Jimi Hendrix was arguably the greatest guitarist of all time. Certainly one of the most famous to play the six-string axe, he was known for his unique performance style, the ease with which he moved around the instrument, and some truly great songs.

Despite a tragically early death in 1970 at the age of 27, which earned him his spot in the infamous “27 Club” alongside the likes of Jim Morrison, Kurt Cobain, and Amy Winehouse, Hendrix managed to transform the perception of the guitar. He enjoyed a brief period of huge commercial success, particularly in the UK, culminating in now-classic hits and his legendary performance at Woodstock.

UK Success

After arriving in England towards the end of 1966, the nation still giddy from the joy of the World Cup a few months before, Jimi and his band performed at the Bag O’Nails nightclub in Soho. The audience comprised esteemed company: John Lennon, Paul McCartney, Jeff Beck, and Mick Jagger to name a few.

These legendary eyes gazing on them did little to put the Jimi Hendrix Experience off, though. They performed a whirlwind set that left audience members amazed that only three musicians could create such an explosive, big sound.


Jimi Hendrix is the cover star of our Debut Electric Guitar grade book.

So began the band’s success in the UK. Their first hit came in the form of ‘Hey Joe’, which reached Number 6 in the charts, with ‘Purple Haze’ peaking at Number 3 a few weeks later.

‘Hey Joe’ is a classic tune and a must learn for any aspiring guitarist, even with some eyebrow-raising lyrics. It takes pride of place on our debut grade Electric Guitar syllabus as well as our grade 5 Drums syllabus.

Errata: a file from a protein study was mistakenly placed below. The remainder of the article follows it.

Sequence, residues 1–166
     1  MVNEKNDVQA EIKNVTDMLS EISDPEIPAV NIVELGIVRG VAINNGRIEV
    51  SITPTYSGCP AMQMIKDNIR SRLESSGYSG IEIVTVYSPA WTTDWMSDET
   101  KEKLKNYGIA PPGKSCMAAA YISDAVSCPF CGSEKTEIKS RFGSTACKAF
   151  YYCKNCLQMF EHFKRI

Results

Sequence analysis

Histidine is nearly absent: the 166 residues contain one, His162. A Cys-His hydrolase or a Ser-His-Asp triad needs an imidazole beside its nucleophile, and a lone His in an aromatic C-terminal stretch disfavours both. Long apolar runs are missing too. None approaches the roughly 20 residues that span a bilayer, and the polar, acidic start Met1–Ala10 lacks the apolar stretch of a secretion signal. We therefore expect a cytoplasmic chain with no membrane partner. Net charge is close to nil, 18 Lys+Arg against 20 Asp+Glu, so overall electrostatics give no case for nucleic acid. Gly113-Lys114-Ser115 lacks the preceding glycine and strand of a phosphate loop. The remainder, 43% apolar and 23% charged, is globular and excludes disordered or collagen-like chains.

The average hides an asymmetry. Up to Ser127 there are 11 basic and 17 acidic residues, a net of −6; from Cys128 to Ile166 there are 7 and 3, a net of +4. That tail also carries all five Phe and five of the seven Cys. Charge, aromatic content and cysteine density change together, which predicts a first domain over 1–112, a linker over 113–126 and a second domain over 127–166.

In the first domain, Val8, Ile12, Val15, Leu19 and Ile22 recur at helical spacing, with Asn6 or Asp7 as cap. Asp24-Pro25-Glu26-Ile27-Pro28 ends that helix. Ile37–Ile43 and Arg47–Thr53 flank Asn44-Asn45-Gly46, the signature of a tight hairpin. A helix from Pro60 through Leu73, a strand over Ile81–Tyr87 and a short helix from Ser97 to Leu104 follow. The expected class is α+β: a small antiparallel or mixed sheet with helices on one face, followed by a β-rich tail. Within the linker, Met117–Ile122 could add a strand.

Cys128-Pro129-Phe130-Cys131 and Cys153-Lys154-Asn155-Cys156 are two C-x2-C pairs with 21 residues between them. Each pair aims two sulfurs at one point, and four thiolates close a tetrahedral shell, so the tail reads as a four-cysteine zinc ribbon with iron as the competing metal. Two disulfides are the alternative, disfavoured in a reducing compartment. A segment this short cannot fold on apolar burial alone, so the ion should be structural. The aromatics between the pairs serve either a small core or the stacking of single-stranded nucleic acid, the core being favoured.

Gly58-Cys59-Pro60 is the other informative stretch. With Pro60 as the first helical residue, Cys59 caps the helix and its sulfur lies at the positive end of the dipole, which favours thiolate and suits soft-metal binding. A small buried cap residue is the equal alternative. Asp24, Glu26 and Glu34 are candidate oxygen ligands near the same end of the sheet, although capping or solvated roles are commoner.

If the Covid-19 pandemic has taught us anything, it’s that live performance is the beating heart of music that helps to mould the next generation of musicians and immortalise those performers currently at the top of their game. This certainly happened when Jimi Hendrix took to the Woodstock stage in 1969.

The world’s highest paid rock musician at this point, the band’s performance bordered on under-rehearsed, and the new additions never completely clicked. Jimi even moved the performance from Sunday night to Monday morning at 8am in front of a swelling crowd of around 40,000.

Despite the apparent shambolic organisation, the band played an unforgettable set, culminating in Jimi’s now iconic rendition of ‘Star Spangled Banner’, the American national anthem. He played it with heavy distortion, soaring between high and low notes to reflect the pain and suffering caused by the American military, making a remarkable political statement without using a single word.

Jimi’s Style

Some of Hendrix’s music might not sound particularly revolutionary now given the amount of blues-influenced bands around who use distortion and effects in their songs, yet they only exist because of his music. Just as The Beatles’ music looms over the rock and pop landscape of today, Hendrix’s influence can be heard in everything from David Bowie and Prince right up to Red Hot Chili Peppers and A Tribe Called Quest.

Though of course he utilised heavy drive sounds, he also has a remarkable clean tone that he would get just right by adjusting the volume knob on his guitar during performances. You can read more about that here!

The tone and sound you create on your instrument or through your voice is just as important as having solid technique and a good ear. Learn more about how you can make your guitar sound more like Jimi Hendrix in the video below!

If you enjoyed this blog, be sure to share it and check out last week’s blog on the peerless Prince, while you can learn more about the Rockschool repertoire here.

rockschool ukulele grade books banner